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Open Access Publications from the University of California

Induced pluripotent stem cells from patients with human fibrodysplasia ossificans progressiva show increased mineralization and cartilage formation

  • Author(s): Matsumoto, Yoshihisa
  • Hayashi, Yohei
  • Schlieve, Christopher R
  • Ikeya, Makoto
  • Kim, Hannah
  • Nguyen, Trieu D
  • Sami, Salma
  • Baba, Shiro
  • Barruet, Emilie
  • Nasu, Akira
  • Asaka, Isao
  • Otsuka, Takanobu
  • Yamanaka, Shinya
  • Conklin, Bruce R
  • Toguchida, Junya
  • Hsiao, Edward C
  • et al.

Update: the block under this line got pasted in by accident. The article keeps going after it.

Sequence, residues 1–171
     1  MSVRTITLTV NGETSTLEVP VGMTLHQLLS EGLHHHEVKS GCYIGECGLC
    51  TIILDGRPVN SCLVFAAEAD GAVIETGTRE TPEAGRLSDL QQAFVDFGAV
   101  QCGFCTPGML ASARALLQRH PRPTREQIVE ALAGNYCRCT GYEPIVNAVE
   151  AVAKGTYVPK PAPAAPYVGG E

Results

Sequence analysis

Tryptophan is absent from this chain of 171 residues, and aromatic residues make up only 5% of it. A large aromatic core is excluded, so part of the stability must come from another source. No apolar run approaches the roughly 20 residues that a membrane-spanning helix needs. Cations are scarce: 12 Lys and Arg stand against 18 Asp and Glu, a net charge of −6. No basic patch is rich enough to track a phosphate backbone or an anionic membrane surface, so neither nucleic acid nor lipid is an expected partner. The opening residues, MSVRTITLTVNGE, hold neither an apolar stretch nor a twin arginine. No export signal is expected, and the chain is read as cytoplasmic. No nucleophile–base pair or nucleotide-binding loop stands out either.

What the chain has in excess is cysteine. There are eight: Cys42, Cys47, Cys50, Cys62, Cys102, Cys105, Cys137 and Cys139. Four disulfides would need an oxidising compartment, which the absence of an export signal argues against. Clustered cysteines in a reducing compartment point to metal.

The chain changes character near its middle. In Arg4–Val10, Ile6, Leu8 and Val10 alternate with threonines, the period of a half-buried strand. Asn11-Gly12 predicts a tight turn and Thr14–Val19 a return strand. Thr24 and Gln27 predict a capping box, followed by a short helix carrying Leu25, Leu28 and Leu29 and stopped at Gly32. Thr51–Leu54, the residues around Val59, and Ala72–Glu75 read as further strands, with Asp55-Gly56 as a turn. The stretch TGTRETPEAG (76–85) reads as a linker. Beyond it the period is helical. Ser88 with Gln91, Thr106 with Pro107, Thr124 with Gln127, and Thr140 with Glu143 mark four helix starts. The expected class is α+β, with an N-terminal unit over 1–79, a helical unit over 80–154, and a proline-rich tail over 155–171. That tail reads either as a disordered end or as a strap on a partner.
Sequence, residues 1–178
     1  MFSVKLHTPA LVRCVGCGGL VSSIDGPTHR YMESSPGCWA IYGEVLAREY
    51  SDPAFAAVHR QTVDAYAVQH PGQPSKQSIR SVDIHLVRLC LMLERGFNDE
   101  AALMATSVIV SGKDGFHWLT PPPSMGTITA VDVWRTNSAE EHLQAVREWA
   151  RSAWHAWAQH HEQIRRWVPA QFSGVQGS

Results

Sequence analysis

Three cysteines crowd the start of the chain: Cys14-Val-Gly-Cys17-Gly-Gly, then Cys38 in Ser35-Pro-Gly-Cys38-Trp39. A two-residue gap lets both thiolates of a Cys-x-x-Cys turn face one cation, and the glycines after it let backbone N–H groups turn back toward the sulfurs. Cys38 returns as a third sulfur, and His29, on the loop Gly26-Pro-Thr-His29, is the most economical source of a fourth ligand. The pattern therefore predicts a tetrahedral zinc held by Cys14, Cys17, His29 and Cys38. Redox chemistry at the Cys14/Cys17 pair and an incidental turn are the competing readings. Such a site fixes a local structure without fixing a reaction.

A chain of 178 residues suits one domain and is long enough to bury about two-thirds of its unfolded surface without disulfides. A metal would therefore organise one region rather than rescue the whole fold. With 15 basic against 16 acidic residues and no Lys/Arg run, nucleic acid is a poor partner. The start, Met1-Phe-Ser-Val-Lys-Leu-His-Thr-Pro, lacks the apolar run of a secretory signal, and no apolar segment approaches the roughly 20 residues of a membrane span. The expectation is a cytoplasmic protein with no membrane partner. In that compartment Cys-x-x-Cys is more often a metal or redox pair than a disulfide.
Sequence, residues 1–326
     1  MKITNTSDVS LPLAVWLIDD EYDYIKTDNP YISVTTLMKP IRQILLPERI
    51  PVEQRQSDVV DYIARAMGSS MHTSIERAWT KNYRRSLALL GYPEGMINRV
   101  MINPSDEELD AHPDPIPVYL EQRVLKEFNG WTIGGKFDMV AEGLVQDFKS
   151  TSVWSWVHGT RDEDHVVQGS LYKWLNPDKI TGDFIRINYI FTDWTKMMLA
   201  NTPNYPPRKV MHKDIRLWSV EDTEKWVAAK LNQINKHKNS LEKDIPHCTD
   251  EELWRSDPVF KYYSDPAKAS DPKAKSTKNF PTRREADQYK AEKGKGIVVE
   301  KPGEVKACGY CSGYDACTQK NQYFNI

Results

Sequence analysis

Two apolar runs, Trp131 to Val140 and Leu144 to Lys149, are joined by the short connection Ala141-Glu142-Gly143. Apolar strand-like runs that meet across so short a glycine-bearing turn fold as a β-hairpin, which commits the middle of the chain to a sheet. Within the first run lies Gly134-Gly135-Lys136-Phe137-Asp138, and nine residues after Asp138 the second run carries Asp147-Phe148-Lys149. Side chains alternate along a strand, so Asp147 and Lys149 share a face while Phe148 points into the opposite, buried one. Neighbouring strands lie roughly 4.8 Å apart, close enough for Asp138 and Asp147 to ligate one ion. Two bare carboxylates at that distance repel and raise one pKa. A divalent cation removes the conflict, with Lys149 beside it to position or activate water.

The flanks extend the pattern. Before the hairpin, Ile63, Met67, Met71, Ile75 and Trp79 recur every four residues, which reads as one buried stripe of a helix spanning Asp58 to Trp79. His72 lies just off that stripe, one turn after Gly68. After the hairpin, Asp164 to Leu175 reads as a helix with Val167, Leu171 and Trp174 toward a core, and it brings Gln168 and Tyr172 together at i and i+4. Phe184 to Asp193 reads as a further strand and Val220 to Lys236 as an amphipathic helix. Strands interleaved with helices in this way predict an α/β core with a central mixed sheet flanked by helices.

Abstract Background Abnormal activation of endochondral bone formation in soft tissues causes significant medical diseases associated with disability and pain. Hyperactive mutations in the bone morphogenetic protein (BMP) type 1 receptor ACVR1 lead to fibrodysplasia ossificans progressiva (FOP), a rare genetic disorder characterized by progressive ossification in soft tissues. However, the specific cellular mechanisms are unclear. In addition, the difficulty obtaining tissue samples from FOP patients and the limitations in mouse models of FOP hamper our ability to dissect the pathogenesis of FOP. Methods To address these challenges and develop a “disease model in a dish”, we created human induced pluripotent stem cells (iPS cells) derived from normal and FOP dermal fibroblasts by two separate methods, retroviral integration or integration-free episomal vectors. We tested if the ability to contribute to different steps of endochondral bone formation was different in FOP vs. control iPS cells. Results Remarkably, FOP iPS cells showed increased mineralization and enhanced chondrogenesis in vitro. The mineralization phenotypes could be suppressed with a small-molecule inhibitor of BMP signaling, DMH1. Our results indicate that the FOP ACVR1 R206H mutation favors chondrogenesis and increases mineral deposition in vitro. Conclusions Our findings establish a FOP disease cell model for in vitro experimentation and provide a proof-of-concept for using human iPS cell models to understand human skeletal disorders.

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